Having read various books on church in the past, it was nice find something that approaches the whole topic a little differently, and yet answers the same standard questions with the same clear position of Scripture. This is yet another good addition to the “Questions Christians Ask” series.

There were, as always, things I would change. On occasion Allberry falls into the trap of common misuses of particular verses (I would suggest Jeremiah 29:7 and Matthew 18:20 are both used out of context). His use of Acts also tends towards the prescriptive (rather than descriptive) in chapter 3, and thus concludes that ‘any church like the one he has described will grow’ (p30) – which is a dangerous conclusion given the frequent expectation that authentic ministry will often look weak and unfruitful (see e.g. 2 Corinthians, or 2 Timothy 4).

But the broader message of the book and its biggest applications are brilliant. He spots what is necessary in a church and so gives wise principles on how to look for one. He considers church governance without getting hung up on it.

It is a good book to enthuse you for church and to pass on to others. It didn’t quite stir me to the point of excitement – but it is an unpretentious and undemanding read with some lovely turns of phrase. “If you want to understand how committed Jesus is to the church, here’s your answer: He doesn’t just create it and let it be. He marries it.” Amen.

Full disclosure: I was given a free copy of this book but was not asked for any kind of review.

Wwhydiehy did Jesus have to die? (Marcus Nodder)

Adding to the “Questions Christians Ask” series, this little book contributes an accessible introduction to this most-important of subjects, and simultaneously makes some wonderful insights that prompted me to get my highlighter out. Even as somebody who recognises the absolute centrality of Jesus’ death, I was surprised to consider Nodder’s observation that in the book of Revelation, “Jesus is referred to once as a lion, but no fewer than 27 times as the Lamb of God” (p4). What a challenge to the Narnia books I have been enjoying so much this year!

It’s not a perfect book. It’s brief, so it can’t cover stuff in depth. Its quotes from outside the Bible were inexplicably unreferenced (at least in my eBook version). And I found myself occasionally wondering if an alternative passage could have been more persuasive (his extension of Isaiah’s unique call to all Christians at the end of chapter 1 is a common application, but in my view misses what Isaiah 6 is about).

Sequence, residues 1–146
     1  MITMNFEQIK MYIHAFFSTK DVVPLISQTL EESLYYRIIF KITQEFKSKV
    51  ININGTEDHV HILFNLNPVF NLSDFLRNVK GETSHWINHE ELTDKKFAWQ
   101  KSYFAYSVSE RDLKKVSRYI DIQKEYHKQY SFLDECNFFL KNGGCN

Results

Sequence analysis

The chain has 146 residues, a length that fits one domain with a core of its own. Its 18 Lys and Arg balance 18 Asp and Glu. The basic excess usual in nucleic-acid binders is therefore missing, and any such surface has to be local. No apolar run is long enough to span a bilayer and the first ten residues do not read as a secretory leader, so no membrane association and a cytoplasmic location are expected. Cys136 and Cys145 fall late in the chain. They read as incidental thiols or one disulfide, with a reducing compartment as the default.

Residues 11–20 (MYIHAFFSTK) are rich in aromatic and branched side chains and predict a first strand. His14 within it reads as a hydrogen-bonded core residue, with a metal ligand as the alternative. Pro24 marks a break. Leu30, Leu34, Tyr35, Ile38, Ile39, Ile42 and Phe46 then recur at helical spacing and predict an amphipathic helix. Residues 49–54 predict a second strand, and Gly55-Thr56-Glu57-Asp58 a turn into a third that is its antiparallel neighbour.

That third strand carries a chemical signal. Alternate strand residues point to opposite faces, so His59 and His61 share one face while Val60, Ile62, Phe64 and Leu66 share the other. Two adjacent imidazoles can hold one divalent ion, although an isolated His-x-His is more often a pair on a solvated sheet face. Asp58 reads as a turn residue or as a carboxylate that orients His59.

However, it is extremely well illustrated (an illustration about a chimney sweep from Charles Kingsley’s “The Water Babies” being especially noteworthy) and eminently quotable (“Taking up your cross is not the path of self-fulfilment. It is the path of self-denial.”). Indeed, it is probably the best book I have read to introduce someone to this essential doctrine.

Full disclosure: I was given a free copy of this book but was not asked for any kind of review.

assuranceHow can I be sure? (John Stevens)

I’ve really enjoyed this series from “the Good Book Company”, and this contribution is no exception. I’m not sure if the trend in pocket-sized Christian books is a recent phenomenon, but it seems plagued by the almost insurmountable challenge of adequately dealing with often complex topics. This little book on doubt is a wonderful exception.

Of course, it doesn’t say everything there is to be said, but it is an example of a book that is both theologically precise and sensitively balanced. It seems driven by a desire to share the Bible’s teaching on the topic, rather than appease the conscience of one who needs challenging. John Stevens is decidedly practical as well as doctrinally insightful, and I was grateful for having read the book.

This book did not leave me with a warm, fuzzy feeling –but I think that is testament to the pastoral responsibility of its author. It would be reckless to announce blanket comfort to any reader who happens to pick up the book. The book is also not my favourite on doubt (which remains Martin Ayres’ “Keep the Faith”, who is admittedly approaching a slightly different aspect of the topic). However, for something as short and readable as this on the topic of assurance, this book is without rival.

<< Previous: I’ve been reading… C.S. LewisNext: I’ve been reading… books on Christian living and ministry >>